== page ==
Thank you for your fast answer.
I agree when you say it is a waste of time but besides using an uuid, is
there any other way you can use an autoinc value to a table where a lot of
rows will be added on a daily basis?
Furthermore, having this as an Int, you have till the 2147483647 id until
the limit is reached, so you can have 2147483647 rows (regarding that each
one has an increment of the pk of 1 regarding the previous inserted row).
This in space requires x4 bytes (from the manual).
What I mean is - I'm able to store rows until the pk (autoinc) reaches
2147483647, right? So, changing the increment value I will have this / 10 ->
214748364 available rows to use.
Am I reading this correctly?
Furthermore, what is your policy regarding "cleaning out" the database? I
mean lets say you have a bunch of records that you no longer need (you would
store them in a file in case you need them later).
Is deleting this files and reassigning the autoincrement value a good
policy? (delete from record 1 to record 1.000.000 and reassign the
autoincrement to 1)
Thanks a lot.
From: Marcus Bointon [mailto:marcus@stripped]
Sent: quinta-feira, 27 de Outubro de 2011 14:10
To: Replication replication
Subject: Re: Master-Master -> duplicate entry
On 27 Oct 2011, at 14:55, Ricardo wrote:
> Currently I have as a a pk, an autoincrement value as int(9)
> I should be able to reach 999.999.999 records, right?
> Placing the autoincrement as 10, I will have 10x less so I will have
99.999.999 (99 million records).
> Is this correct?
> Since I already have around 125.000.000 records, I guessing implementing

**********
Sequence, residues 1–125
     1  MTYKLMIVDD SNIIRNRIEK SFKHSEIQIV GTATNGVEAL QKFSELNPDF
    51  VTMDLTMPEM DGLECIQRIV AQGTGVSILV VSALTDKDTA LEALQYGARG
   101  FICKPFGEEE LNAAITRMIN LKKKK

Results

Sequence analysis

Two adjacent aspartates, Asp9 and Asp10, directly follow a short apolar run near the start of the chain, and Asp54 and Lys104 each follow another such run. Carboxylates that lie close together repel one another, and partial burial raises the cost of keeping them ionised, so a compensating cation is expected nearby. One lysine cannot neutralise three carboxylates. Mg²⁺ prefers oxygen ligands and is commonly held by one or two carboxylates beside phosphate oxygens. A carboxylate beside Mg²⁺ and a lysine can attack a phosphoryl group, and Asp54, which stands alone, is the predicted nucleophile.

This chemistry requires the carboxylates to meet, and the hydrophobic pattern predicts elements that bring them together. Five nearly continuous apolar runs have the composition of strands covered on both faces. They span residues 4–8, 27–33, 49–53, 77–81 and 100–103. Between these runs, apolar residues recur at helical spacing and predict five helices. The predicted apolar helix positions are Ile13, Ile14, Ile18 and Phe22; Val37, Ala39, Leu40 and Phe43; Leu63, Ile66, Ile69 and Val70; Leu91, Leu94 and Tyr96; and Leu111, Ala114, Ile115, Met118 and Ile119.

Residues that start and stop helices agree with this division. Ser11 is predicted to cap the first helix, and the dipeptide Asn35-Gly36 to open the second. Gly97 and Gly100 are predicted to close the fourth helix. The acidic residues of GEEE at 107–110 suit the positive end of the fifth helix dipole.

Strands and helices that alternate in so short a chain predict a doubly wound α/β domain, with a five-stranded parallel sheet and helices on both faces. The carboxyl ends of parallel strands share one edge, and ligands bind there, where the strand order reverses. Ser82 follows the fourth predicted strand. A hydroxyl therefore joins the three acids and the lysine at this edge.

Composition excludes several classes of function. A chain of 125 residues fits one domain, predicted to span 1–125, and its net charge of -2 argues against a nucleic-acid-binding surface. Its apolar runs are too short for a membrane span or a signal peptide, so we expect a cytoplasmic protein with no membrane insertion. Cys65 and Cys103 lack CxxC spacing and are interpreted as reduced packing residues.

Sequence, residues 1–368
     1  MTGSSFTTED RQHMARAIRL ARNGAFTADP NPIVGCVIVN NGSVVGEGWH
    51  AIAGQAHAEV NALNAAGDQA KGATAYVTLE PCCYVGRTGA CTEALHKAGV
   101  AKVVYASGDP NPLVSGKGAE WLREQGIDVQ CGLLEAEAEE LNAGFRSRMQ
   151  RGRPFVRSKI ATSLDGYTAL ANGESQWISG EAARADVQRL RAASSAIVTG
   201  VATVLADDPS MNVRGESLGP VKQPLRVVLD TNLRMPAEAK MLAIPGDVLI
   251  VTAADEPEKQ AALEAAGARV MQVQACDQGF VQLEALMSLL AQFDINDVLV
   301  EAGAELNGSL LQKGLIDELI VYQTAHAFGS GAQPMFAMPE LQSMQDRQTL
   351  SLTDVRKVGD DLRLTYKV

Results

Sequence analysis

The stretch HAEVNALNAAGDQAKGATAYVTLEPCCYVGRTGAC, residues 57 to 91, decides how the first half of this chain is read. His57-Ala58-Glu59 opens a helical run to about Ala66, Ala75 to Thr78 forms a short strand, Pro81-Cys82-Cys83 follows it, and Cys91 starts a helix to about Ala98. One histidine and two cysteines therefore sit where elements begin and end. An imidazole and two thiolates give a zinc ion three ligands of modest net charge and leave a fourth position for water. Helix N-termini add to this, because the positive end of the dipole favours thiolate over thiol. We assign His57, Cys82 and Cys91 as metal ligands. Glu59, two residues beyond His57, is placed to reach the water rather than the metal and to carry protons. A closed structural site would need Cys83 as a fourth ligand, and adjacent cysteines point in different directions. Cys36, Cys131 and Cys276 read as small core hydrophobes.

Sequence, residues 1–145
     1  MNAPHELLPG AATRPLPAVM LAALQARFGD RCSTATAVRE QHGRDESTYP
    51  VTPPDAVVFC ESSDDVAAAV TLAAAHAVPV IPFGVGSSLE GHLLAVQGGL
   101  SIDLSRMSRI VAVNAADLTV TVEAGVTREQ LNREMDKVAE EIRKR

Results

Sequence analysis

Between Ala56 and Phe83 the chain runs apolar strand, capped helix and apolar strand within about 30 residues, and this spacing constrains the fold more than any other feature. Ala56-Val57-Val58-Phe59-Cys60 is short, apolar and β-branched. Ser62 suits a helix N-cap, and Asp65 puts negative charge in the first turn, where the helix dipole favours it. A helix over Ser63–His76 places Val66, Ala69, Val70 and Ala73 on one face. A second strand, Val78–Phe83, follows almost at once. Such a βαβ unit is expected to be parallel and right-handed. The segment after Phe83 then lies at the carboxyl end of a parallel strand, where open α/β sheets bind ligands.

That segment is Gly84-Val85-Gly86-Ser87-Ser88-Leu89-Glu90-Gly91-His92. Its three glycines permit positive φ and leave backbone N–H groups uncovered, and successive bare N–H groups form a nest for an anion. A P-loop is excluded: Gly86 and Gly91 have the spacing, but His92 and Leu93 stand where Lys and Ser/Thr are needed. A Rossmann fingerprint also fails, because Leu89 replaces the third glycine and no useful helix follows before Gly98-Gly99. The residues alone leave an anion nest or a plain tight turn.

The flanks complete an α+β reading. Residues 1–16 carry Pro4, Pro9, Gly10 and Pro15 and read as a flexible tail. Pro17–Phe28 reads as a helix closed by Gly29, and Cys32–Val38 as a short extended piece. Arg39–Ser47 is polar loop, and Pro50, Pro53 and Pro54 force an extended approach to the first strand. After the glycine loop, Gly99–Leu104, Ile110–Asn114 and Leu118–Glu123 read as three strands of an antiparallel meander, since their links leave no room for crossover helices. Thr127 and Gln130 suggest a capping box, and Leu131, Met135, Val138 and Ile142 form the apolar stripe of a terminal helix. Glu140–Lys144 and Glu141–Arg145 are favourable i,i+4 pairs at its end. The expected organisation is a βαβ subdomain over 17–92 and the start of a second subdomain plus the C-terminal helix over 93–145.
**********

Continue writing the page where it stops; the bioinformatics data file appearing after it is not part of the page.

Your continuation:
this without clearing some records, will pretty much ruin everything.
> Any advice?
> I can use an autoincrement of 5 for instance. Guessing having master 1
with offset of 1 and master 2 with an offset of 2, I feel i will not have
much of a problem here.
The number after the field isn't anything to do with its stored size or
value range, just how it's displayed. MySQL uses typical binary ranges for
its numeric types, so an unsigned integer is typically 32 bits, giving a
range of 0 to 4294967295 (about 4 billion). There are other integer types:
tinyint(8 bits) smallint(16 bits), mediumint(24 bits), int(32 bits),
bigint(64 bits), all of which may be signed or unsigned. PHP only handles
signed ints so the biggest value it can handle in 32-bits is 2147483647,
which is the limit you're most likely to hit. Using a signed integer type
for an autoinc field is just a waste of a bit as you'll never use the
negative half of the number range.
Signed integers default to int(11) because they can have up to 10 base-10
digits plus a sign character; unsigned defaults to int(10) because it
doesn't need the extra space for the sign. Both store their values in 32
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